Nivolumab plus anti-VEGF drug followed by surgery shows promise in kidney cancer

This randomized pilot study for patients with metastatic renal cell carcinoma evaluated the checkpoint inhibitor nivolumab combined with the anti-VEGF drug bevacizumab pre-surgery, versus nivolumab alone or combined with ipilimumab. Patients able to stay on therapy and undergo surgery had the best overall response rates ranging from 70 to 93 percent. Padmanee Sharma, M.D., Ph.D., Parker Institute center co-director at The University of Texas MD Anderson Cancer Center, is senior author. (Abstract 4520)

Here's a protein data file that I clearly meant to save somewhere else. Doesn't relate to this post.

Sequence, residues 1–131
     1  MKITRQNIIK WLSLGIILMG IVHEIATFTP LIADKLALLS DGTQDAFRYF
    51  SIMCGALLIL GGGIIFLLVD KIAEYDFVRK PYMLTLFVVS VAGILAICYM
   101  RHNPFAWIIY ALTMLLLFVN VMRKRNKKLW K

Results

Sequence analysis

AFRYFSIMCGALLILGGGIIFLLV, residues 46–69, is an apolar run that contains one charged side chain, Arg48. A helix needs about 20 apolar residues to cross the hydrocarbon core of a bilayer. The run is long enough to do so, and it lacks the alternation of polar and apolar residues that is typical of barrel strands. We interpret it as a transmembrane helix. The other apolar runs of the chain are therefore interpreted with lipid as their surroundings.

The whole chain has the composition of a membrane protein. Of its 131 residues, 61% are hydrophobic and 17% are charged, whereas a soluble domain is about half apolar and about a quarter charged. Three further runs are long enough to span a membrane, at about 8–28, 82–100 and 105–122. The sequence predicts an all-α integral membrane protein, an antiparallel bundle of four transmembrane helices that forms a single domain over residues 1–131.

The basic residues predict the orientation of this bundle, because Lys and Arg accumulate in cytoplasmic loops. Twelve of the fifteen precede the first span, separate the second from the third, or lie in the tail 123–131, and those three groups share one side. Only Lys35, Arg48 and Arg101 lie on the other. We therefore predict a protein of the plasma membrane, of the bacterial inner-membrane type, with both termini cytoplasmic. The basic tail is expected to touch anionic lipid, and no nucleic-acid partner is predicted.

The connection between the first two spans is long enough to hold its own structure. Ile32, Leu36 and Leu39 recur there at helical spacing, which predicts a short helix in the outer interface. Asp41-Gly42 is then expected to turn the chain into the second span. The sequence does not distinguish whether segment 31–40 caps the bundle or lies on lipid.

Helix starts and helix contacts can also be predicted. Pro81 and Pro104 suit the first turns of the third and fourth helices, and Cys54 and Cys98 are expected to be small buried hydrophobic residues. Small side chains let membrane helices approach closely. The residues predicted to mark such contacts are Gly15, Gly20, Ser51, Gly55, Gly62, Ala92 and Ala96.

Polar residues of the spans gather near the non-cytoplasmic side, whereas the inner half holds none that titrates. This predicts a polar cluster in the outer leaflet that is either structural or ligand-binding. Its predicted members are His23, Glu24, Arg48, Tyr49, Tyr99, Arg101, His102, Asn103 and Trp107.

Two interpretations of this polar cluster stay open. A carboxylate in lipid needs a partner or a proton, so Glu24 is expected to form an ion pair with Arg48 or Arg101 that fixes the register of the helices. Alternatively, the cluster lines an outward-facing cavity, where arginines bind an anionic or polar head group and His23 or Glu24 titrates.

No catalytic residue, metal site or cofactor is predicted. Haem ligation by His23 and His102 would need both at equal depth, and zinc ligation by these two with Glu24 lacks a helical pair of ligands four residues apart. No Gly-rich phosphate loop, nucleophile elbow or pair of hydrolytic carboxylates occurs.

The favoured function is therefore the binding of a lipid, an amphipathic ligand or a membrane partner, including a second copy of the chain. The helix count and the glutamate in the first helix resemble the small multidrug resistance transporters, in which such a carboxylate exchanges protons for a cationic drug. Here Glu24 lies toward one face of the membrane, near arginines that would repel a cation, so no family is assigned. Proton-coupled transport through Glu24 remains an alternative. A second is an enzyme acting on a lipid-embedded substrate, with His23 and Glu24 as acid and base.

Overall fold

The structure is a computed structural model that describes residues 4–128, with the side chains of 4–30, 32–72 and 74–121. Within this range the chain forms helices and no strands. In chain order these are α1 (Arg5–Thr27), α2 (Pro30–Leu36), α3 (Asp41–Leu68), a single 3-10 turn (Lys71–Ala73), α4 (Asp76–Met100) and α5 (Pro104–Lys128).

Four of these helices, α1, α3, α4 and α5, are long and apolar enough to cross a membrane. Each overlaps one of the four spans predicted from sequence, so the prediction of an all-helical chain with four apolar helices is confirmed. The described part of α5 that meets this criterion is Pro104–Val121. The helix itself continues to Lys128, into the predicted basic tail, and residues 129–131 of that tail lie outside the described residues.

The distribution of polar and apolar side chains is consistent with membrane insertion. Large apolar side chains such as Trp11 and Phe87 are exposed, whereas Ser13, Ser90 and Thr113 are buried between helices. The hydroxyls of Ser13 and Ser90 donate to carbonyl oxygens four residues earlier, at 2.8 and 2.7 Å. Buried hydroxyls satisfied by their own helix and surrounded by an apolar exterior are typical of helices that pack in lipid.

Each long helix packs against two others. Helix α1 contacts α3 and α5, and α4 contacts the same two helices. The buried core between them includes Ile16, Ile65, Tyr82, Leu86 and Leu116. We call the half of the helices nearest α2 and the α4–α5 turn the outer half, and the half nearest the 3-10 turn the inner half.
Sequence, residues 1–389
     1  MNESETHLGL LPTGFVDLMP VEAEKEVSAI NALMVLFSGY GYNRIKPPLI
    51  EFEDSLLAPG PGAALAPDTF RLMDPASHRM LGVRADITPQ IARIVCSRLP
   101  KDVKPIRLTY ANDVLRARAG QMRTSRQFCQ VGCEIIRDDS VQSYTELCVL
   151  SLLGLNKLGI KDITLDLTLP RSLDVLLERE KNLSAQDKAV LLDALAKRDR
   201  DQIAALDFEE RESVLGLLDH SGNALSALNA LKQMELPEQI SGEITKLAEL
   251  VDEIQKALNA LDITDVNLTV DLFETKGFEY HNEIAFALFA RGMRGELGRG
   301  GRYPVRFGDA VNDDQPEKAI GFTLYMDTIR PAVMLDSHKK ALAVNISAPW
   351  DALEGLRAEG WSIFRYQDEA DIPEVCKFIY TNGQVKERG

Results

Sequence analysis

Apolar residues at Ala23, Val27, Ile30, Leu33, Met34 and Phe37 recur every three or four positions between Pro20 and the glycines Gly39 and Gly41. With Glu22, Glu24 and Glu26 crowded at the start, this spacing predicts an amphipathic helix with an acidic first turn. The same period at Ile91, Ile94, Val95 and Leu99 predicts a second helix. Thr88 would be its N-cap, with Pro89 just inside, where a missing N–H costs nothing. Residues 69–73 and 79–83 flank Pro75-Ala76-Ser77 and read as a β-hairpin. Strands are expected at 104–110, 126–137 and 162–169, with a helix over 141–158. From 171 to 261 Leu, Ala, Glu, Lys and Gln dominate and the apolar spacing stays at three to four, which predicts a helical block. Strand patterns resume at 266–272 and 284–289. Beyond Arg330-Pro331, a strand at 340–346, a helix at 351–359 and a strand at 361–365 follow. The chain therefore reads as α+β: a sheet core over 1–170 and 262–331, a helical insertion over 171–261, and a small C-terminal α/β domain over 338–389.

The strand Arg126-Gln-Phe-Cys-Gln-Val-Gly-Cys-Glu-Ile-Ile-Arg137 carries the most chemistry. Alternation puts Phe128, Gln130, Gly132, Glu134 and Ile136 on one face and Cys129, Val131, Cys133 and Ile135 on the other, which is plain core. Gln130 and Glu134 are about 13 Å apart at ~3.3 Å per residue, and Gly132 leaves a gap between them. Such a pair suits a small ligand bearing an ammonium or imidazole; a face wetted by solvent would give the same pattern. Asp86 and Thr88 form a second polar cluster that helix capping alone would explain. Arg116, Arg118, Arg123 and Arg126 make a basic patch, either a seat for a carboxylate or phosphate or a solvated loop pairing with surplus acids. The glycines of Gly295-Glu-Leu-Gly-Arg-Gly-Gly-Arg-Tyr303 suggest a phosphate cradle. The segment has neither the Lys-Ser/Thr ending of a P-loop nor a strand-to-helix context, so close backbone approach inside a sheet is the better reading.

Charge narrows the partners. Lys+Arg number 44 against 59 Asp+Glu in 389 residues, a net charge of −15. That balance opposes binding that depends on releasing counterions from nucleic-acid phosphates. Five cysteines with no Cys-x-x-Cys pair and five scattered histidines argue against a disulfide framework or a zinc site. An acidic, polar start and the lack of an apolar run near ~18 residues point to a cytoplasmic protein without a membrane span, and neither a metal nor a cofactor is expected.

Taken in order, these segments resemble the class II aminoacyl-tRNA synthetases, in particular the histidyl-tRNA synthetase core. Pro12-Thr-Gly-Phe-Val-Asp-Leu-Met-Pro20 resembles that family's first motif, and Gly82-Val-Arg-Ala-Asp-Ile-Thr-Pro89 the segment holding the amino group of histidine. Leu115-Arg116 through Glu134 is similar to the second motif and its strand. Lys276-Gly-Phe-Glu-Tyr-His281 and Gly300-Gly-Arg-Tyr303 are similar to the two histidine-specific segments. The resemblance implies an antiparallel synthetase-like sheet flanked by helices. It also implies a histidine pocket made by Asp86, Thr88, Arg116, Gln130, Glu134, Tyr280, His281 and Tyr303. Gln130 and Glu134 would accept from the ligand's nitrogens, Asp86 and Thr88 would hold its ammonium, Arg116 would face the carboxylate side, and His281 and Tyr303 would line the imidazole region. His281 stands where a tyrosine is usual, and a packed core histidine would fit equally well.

Five-year survival results in patients with advanced melanoma treated with pembrolizumab (KEYNOTE-001)

After treatment with pembrolizumab, the 5-year survival rate among patients with advanced melanoma was 34 percent for previously treated patients and 41 percent for untreated patients. The results confirm the checkpoint inhibitor provides a durable anti-tumor effect, according to the authors.

Antoni Ribas, M.D., Ph.D., Parker Institute center director at the University of California, Los Angeles, is senior author. Other Parker Institute investigator authors include F. Stephen Hodi, M.D., of Dana-Farber Cancer Institute, Parker Institute director Jedd Wolchok, M.D., Ph.D., of Memorial Sloan Kettering Cancer Center, Adil Daud, M.D., of the UCSF Helen Diller Family Comprehensive Cancer Center, and Tara Mitchell, M.D., of the University of Pennsylvania. (Abstract 9516)

Using genetic sequencing to help guide clinical treatment for gynecological cancers